Still wondering what to do in camp that’s not cooking or sewing? Technically, you shouldn’t be cooking if you’re a woman: that was a soldier’s job, though I recall seeing a reference to women cooking when all the men were pulled into the line during an engagement. A card file would help me, but for now, all I have is my scattered memory.
But if you’re tired of mending and making shirts (one of the most boring tasks, I find– all straight seams and very predictable), there’s more to do than laundry.
If the event represents a longer encampment, you could run a traveling coffee house or tavern. There’s the Widow Black in the Mid West, but I haven’t encountered this yet in New England. You could be a Jolly Landlady, or as the British Museum has it, “a voluptuous lady stands in foreground to left, holding up a glass to a soldier on horseback.”
The Fair Stationer shows us Lloyd’s Coffee House and what looks like a carriage body on blocks, converted to a news stand. You could sell newspapers and writing paper, pamphlets and poem and songs. It’s an impression that would take a lot of thinking and research for the American colonies, but could be very interesting. the transmission of news and information and the transport of mail and packages presented challenges. How were they overcome?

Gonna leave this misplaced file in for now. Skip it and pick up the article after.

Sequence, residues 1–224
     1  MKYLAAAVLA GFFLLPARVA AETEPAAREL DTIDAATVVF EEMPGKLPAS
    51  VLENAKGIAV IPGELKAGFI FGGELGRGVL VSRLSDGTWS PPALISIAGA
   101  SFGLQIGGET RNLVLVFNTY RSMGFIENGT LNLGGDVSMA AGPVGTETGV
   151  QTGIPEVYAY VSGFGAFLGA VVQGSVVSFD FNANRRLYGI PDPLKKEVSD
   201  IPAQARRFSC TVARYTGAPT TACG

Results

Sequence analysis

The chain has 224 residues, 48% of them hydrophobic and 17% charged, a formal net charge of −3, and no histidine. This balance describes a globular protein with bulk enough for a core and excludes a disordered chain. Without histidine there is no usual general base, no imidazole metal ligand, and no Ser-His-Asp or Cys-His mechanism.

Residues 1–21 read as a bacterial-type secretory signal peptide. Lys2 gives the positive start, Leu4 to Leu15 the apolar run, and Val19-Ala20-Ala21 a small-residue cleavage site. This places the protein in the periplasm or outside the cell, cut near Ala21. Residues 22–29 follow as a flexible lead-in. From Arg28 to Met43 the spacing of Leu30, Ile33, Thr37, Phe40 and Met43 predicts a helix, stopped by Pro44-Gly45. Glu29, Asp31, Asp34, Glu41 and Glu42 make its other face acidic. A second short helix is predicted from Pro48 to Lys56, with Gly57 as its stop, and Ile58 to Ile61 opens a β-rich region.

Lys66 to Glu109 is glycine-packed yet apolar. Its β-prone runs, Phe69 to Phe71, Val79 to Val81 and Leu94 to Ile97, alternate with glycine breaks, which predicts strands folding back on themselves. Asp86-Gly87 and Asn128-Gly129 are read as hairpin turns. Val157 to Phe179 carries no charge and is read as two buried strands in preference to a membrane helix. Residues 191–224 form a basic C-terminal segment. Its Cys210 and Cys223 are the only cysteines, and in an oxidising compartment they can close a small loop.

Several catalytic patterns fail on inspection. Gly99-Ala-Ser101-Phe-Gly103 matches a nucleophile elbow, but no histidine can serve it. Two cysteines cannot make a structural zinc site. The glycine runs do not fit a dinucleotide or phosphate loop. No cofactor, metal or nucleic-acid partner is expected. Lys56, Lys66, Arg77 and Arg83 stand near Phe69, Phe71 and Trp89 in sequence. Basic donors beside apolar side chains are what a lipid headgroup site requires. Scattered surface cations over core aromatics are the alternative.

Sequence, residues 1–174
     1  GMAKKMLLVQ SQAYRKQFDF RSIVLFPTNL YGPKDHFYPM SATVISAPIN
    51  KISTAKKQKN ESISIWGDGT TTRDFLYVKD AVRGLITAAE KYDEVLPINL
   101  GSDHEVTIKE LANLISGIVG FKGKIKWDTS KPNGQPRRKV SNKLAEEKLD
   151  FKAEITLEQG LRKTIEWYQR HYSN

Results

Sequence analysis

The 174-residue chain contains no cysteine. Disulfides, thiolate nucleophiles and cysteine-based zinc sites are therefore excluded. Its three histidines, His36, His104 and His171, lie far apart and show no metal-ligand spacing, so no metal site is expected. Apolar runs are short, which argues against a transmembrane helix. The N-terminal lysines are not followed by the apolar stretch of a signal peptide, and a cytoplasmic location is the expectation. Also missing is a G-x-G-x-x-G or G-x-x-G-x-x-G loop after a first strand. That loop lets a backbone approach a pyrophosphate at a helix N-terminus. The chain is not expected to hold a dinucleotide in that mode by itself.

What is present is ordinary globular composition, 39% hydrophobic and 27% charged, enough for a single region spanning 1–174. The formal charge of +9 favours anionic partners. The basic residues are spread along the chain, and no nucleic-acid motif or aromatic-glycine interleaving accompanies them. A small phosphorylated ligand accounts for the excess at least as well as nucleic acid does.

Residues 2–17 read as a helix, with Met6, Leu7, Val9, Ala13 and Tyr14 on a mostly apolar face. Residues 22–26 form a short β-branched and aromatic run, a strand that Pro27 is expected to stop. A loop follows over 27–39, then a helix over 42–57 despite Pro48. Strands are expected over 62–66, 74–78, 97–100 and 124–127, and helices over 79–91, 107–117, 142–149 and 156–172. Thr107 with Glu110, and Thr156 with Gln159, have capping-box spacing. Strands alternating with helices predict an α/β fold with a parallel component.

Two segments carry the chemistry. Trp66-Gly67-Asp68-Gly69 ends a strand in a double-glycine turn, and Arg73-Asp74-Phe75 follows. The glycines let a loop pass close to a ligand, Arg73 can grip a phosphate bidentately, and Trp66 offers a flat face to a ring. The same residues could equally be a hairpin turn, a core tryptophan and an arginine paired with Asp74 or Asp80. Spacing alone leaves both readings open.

I’m also struck by the number of dogs in Sandby’s images. If it’s not the same dog, over and over, I would guess that in the 18th century as in the 20th, soldiers had pets that traveled with them, both common soldiers with common curs and officers with hunting dogs. The camps must have been disastrously messy, with fatigue details to clean them. We can’t have dogs at reenactments, but we could have more outraged sergeants. It’s hard, though, because to do these things well, you have to know and trust the people you’re doing them with (and that includes yourself).